First off, have you had your back evaluated by a professional? If not, then if at all possible with your family history, I would prioritize that. This may help you be able to decide how cautious you actually need to be.
I'm not sure why you would want to omit training any part of your lower body or back to avoid spinal issues. This would actually more likely lead to injury on the mat. There is a way to work every leg and back muscle with limited spinal pressure. Having muscle and strength will actually help prevent injury on the mat. It's a form of armor building and can build health movement patterns. Also, if you're totally outclassed in strength with similar skill with your opponent it's not hard to imagine that you would be more vulnerable than if your strength levels were equal or higher.
In fact, not training your glutes can lead to back problems in sport and every day life.
Now before you totally write squats off, there are squat variations that don't put a lot of strain on the lower back. Here are some examples:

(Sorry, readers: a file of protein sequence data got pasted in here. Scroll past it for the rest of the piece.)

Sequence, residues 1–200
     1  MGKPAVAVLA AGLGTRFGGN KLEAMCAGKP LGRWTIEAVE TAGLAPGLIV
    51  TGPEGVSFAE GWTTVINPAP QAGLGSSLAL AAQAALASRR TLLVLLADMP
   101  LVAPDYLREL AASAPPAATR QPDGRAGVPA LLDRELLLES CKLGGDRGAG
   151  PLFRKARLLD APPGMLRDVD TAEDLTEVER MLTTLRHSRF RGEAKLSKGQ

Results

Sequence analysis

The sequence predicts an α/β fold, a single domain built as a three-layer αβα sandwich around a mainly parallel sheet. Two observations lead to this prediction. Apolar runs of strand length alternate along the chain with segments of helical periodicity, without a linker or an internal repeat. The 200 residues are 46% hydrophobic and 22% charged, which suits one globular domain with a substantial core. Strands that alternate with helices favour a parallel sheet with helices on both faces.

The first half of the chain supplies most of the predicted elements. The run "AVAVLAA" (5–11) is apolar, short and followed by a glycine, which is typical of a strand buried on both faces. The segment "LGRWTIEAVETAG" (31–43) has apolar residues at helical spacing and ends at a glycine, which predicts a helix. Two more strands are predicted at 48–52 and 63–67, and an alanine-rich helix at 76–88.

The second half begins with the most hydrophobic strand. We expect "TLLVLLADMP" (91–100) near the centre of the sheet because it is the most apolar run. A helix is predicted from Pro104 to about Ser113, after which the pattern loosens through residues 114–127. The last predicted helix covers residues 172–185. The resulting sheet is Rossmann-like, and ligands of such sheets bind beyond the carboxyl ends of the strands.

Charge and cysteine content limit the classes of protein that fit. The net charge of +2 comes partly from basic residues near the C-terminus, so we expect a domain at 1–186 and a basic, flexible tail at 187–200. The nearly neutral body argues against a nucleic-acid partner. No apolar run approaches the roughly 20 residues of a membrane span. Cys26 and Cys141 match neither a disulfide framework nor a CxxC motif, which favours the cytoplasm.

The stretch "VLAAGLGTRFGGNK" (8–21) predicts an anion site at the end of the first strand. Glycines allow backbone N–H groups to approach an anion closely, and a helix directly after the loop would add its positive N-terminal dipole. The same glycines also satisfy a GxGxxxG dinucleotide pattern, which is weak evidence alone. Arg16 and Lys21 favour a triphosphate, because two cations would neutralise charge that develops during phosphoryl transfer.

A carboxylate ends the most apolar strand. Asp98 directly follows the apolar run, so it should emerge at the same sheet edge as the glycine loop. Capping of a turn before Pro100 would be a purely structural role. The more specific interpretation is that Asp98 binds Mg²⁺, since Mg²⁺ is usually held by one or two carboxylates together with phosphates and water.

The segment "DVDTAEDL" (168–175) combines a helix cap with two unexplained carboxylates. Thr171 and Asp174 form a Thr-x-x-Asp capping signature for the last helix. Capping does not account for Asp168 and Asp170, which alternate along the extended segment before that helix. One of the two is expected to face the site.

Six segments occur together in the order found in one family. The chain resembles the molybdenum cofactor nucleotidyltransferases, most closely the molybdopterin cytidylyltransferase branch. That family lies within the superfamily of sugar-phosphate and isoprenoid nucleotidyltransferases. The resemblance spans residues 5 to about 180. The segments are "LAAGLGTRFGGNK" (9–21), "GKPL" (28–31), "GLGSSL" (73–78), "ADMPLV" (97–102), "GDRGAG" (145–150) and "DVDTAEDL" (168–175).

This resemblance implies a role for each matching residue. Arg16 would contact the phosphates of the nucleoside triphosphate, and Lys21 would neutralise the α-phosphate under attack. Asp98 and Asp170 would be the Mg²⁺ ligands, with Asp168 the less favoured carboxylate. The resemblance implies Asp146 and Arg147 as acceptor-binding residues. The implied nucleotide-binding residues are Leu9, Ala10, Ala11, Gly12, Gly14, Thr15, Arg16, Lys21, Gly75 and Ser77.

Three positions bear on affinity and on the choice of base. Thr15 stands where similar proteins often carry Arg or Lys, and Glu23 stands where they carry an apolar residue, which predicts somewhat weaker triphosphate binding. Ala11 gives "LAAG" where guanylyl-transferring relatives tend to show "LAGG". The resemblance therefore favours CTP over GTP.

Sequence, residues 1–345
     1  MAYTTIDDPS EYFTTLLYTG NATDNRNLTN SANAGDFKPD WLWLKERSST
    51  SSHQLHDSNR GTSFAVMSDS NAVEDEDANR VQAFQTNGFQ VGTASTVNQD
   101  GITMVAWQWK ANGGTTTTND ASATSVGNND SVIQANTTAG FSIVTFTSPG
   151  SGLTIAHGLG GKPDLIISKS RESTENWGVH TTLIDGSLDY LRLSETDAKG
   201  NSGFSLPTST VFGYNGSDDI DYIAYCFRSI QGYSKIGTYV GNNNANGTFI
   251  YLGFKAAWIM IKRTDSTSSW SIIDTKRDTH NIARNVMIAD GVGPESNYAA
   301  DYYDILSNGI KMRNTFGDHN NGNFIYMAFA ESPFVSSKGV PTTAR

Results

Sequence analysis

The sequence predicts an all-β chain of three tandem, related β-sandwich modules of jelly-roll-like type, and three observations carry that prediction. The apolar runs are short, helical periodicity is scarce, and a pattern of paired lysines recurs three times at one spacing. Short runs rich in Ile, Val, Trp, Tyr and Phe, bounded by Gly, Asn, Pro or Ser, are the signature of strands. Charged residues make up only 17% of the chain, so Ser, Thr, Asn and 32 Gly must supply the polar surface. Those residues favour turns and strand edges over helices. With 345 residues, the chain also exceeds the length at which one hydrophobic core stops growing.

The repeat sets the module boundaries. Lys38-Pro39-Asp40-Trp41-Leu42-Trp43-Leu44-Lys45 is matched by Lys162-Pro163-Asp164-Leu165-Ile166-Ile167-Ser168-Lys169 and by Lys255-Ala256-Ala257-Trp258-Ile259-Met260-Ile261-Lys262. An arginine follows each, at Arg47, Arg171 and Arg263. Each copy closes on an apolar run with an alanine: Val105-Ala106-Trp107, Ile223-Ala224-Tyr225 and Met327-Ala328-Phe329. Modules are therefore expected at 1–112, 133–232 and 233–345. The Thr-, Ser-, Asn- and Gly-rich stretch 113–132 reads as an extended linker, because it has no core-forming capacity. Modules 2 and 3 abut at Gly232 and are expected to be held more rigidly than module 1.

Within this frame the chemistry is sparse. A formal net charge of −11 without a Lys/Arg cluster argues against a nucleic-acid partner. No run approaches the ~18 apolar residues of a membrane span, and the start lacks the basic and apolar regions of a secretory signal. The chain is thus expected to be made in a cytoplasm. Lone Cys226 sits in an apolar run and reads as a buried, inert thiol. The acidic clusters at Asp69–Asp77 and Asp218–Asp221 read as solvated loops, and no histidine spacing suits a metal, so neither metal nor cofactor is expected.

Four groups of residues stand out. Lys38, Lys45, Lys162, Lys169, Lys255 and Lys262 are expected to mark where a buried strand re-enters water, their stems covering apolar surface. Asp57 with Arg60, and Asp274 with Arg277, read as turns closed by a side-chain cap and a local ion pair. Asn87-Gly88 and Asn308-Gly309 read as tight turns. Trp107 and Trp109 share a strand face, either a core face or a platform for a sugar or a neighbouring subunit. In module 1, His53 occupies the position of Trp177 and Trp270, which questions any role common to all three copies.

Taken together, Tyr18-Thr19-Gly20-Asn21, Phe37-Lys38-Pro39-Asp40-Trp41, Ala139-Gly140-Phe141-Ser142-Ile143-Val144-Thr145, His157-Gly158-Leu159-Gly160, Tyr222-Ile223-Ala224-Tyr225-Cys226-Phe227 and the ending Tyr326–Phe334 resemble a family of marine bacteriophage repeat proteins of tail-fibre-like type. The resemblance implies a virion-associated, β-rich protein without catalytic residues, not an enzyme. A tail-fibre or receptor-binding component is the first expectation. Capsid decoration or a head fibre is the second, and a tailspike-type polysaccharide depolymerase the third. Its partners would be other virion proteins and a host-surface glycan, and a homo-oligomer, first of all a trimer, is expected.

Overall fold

*Front Squats- even for people with healthy backs, this can be a bread and butter lower body builder for nearly anyone instead of back squats.
*Goblet Squats- extremely limited back strain. The biggest problem is that you can't use much of a load, but if hypertrophy is the goal many people respond best to rep ranges 20 and higher for quads
*barbell hack squat
*Manta Ray Squat with Raised Heels- The manta ray attachment essentially makes your a back squat a 'higher high bar' squat. This keeps you more upright.
All of those options are more quad dominant so you'll need to do more work than many people working on your posterior chain with other exercises.
Here's back friendly examples:
-glute ham raises
-hyper extensions- the only thing hyperextending is your pelvis. Don't hyperextend your back.
-cable pull throughs- wider stance is more glutes and hips and narrow stance is more hams and back
-dumbbell romanian deadlifts- much more back friendly than its barbell cousin
-1 legged 1 dumbbell that's opposite hand of the leg your standing on- this can help prevent back problems
-bridges- be careful not to hyperextend your back
-thrusters- basically bridge with your upper back on a bench
There's many more, but that's way more than enough for a start.